Of course, he was referring to Gabrielle Giffords, the Arizona representative who was shot in the head in January by a gunman but, remarkably, made it to the nation’s capital to cast her vote on Monday night. In an official statement, she said "I strongly believe that crossing the aisle for the good of the American people is more important than party politics.” Giffords voted against raising the debt ceiling twice in the past, but said that she felt she had to be there for this vote to raise the debt ceiling, which she supported. “I could not take the chance that my absence could crash our economy.”
It was a heartwarming moment that was a welcome diversion from the last-minute ugliness of the wholly uninspiring deal. Everyone, of course, was cheering Giffords’ rehabilitation. They were surprised—her expected appearance was not made public ahead of time, prompting a standing ovation and wild applause to break out over her showing. They were reduced to what Rep. James Clyburn called “not too Congressional” moments—Clyburn stood on a chair in the chamber to see what the fuss was about, while Vice President Joe Biden channeled his inner dude. “There is a basic humanity here, man.”
And they probably all found themselves contemplating two questions. How had she come so far in just six months? And for that matter, how have we? It’s hard to remember after so much partisan bickering and near-disastrous brinksmanship that it was only six months ago that the president stood at a lecturn at the University of Arizona, encouraging Washington to “make sure that we’re talking with each other in a way that heals, not in a way that wounds” and invoking the dreams of a little nine-year-old girl who was born on September 11th and died the same day and by the same gun Giffords was shot. “I want to live up to her expectations,” the president said in one of the speech’s most powerful lines. “I want our democracy to be as good as Christina imagined it.”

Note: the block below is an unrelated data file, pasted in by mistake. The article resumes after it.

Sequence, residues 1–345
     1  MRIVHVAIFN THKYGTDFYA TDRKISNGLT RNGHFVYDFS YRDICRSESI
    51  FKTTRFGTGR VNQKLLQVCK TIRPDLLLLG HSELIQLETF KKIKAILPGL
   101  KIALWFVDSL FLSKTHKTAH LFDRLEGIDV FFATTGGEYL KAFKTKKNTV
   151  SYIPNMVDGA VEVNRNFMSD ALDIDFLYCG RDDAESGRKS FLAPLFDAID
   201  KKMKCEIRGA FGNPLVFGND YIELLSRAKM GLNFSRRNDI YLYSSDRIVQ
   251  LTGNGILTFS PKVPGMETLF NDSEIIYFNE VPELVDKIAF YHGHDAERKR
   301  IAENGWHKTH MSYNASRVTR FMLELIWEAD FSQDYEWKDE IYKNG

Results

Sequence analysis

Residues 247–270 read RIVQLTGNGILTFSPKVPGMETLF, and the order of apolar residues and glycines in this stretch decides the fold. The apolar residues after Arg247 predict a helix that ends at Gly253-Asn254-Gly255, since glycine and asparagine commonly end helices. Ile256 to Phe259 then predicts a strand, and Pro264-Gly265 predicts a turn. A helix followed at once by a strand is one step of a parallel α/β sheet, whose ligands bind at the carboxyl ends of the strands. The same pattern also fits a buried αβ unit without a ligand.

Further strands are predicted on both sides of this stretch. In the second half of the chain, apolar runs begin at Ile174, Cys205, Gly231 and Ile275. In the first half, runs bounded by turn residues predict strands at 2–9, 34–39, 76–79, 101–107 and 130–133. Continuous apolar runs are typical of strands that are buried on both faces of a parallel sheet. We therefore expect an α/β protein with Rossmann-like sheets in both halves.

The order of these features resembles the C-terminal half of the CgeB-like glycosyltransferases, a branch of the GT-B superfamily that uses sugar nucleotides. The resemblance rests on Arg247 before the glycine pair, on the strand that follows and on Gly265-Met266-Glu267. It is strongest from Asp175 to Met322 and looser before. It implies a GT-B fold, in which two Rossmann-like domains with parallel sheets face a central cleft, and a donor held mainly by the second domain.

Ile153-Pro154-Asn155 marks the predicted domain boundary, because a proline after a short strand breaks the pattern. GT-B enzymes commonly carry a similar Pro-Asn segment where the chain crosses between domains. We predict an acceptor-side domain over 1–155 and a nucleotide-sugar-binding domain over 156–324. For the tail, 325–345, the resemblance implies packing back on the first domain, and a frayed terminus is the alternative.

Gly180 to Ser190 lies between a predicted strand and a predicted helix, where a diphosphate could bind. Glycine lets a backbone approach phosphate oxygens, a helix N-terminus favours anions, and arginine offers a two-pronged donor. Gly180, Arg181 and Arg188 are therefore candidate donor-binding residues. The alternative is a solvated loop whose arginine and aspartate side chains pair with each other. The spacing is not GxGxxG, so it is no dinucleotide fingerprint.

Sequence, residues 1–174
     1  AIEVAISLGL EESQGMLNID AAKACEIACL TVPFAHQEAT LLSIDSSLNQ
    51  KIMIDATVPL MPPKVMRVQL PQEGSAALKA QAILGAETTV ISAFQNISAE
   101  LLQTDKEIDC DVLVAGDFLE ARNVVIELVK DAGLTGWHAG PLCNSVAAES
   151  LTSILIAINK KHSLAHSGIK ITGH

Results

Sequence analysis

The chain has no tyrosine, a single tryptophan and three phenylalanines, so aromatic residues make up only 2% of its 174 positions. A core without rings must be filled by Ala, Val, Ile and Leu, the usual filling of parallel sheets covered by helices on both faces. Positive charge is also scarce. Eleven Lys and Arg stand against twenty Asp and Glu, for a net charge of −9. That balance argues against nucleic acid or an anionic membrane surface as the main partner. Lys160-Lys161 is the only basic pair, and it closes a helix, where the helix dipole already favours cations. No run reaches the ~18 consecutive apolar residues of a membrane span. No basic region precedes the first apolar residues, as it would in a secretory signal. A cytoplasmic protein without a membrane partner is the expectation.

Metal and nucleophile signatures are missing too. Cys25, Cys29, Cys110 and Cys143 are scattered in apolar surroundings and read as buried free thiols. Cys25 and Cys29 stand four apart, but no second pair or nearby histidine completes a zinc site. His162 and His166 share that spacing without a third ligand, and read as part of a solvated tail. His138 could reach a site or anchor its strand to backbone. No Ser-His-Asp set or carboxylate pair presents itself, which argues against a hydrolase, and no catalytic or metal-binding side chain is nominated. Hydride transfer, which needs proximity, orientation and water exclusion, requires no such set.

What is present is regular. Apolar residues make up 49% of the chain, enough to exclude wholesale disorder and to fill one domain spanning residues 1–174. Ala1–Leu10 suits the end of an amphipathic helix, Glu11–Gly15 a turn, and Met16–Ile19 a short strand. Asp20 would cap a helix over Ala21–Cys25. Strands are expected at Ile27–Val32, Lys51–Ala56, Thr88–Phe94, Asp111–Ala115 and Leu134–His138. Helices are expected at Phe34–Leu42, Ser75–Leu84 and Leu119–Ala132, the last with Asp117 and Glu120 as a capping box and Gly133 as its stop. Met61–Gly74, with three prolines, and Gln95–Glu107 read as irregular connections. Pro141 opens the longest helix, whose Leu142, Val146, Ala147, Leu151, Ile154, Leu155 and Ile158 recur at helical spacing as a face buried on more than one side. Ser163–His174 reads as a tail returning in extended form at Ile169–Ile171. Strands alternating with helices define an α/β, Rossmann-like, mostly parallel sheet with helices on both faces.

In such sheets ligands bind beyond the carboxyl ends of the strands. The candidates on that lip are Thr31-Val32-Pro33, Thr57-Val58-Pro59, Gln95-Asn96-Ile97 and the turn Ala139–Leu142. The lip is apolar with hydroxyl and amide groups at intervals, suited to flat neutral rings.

And yet six months later, the House was voting on a bill that lived up to no one’s expectations, and that represented the worst of our democracy’s leaders rather than the best. It will avert a default, but little good can be said of it otherwise. It doesn’t do enough to fix our long-term deficit crisis. It is a one-sided answer to a two-sided problem. And it is likely to make our economy worse, not better.
When the still frail woman with the tiny frame and short hair walked into the room, supported on one arm by her husband and on the other by her friend, Rep. Debbie Wasserman Schultz, she managed to look like the biggest person in the room. In an instant, Giffords reminded the world how small the leaders in Washington had acted throughout the debate. How petty and narrow-minded the fight had become. And how pitiful the so-called “grand bargain” had ended up.
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